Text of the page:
low-back-pain

When treating physical pain, there is one question that is rarely asked and even more rarely answered. Why? Why have I got back pain? Why have got neck pain? Why have I got knee pain? Even if a diagnosis is made and it is known to be the source of pain, no one ever asks Why is my disc painful? Why is my tendon painful? Why do I have arthritis?

Every day people tell me that they have been told that they have an injured tissue or structure and that they need to have medication, a cortisone injection, denervation, surgery or other passive technique in the hope that these interventions will solve your problem.

But unless you know why these tissues and structures have become painful, then your chances of getting permanent pain relief are at best remote. It is like putting a band-aid over a cut and then you keep cutting the area. You have simply masked the pain for a short time. Once the effects of the intervention have worn off, the structures will become painful again as you keep aggravating the damaged or irritated tissue.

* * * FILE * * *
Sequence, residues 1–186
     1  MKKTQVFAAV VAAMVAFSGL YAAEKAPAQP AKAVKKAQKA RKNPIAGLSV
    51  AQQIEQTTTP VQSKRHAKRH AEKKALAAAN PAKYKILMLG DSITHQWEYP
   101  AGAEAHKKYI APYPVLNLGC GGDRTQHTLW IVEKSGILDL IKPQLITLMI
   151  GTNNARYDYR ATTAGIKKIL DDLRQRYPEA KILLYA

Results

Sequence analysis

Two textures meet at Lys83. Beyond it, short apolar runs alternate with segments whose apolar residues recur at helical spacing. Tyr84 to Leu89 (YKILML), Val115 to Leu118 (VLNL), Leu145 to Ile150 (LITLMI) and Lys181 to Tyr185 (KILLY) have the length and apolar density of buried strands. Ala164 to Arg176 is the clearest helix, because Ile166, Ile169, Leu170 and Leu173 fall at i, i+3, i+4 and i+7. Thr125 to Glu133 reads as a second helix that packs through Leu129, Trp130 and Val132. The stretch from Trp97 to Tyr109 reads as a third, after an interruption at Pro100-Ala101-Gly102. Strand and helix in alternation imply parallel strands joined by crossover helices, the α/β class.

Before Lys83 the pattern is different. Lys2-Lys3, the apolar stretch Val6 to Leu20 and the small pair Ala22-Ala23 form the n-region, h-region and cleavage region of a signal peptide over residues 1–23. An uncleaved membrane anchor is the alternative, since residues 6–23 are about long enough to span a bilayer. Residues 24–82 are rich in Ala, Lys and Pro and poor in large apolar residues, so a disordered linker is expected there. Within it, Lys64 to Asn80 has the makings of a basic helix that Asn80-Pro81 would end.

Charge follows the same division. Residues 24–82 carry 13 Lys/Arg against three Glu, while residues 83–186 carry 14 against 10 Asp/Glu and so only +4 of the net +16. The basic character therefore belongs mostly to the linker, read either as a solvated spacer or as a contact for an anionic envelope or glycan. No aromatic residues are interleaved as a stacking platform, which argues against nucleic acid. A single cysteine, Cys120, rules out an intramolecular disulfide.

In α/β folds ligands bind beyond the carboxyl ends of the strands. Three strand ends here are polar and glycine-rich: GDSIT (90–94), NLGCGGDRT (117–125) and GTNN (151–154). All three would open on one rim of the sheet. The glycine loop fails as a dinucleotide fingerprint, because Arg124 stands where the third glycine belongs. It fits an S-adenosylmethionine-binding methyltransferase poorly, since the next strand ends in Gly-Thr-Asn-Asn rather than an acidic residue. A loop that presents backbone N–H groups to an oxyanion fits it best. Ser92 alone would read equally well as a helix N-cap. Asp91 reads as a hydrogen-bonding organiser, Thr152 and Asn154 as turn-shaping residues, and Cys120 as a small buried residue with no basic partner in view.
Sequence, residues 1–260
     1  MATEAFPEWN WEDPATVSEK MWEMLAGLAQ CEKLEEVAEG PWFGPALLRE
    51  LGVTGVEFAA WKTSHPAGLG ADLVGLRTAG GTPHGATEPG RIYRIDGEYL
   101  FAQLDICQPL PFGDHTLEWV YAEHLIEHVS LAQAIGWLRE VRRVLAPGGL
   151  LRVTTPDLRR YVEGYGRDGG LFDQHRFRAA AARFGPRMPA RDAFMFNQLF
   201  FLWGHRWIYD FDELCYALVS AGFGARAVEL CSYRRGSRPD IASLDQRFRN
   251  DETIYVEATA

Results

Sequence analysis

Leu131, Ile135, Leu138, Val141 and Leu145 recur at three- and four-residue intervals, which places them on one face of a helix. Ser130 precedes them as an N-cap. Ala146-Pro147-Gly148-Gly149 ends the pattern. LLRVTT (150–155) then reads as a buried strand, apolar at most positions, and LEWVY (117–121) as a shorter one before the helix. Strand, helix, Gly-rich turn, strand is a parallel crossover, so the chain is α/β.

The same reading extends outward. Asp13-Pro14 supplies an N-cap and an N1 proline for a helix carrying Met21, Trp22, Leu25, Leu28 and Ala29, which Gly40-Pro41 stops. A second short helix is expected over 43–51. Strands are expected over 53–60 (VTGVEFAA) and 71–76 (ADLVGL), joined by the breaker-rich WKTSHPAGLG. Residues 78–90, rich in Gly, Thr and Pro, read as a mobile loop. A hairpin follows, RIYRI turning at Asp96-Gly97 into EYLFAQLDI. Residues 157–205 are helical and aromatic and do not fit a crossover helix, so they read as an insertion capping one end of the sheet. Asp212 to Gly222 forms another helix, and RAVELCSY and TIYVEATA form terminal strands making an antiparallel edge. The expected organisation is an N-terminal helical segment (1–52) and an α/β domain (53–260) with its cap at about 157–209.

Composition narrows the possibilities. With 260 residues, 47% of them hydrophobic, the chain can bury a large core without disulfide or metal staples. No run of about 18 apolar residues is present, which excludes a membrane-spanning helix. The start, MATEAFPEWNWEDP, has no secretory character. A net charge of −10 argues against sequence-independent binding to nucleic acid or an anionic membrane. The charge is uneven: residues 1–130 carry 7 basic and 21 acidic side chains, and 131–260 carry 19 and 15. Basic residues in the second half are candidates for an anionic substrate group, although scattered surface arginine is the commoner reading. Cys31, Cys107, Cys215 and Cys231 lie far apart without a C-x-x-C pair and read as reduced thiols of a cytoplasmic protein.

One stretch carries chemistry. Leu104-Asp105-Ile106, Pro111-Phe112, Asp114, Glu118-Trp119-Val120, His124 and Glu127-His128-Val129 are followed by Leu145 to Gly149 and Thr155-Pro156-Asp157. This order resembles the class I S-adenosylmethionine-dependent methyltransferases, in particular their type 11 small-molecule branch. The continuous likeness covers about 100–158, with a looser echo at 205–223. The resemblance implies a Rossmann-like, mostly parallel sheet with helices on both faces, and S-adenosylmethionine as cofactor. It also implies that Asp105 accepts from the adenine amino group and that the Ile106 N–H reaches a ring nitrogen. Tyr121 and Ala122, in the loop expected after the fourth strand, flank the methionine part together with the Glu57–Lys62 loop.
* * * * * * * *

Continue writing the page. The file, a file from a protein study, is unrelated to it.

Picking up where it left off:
This point was born out in a research article titled Effects of manual therapy and exercises targeting the hips in patients with low back pain that was published in the Journal of Evaluation in Clinical Practice, January 2017.

This article indicates that low back pain and hip pain are becoming increasingly associated and that together they cause greater pain at each site than if the back pain or hip pain existed in isolation. As yet, it hasn’t been determined which causes which. In other words, does low back pain cause hip pain or hip pain cause lower back pain?

But perhaps more importantly, what has been found is that treating and freeing up the hip has resulted in reduced lower back pain.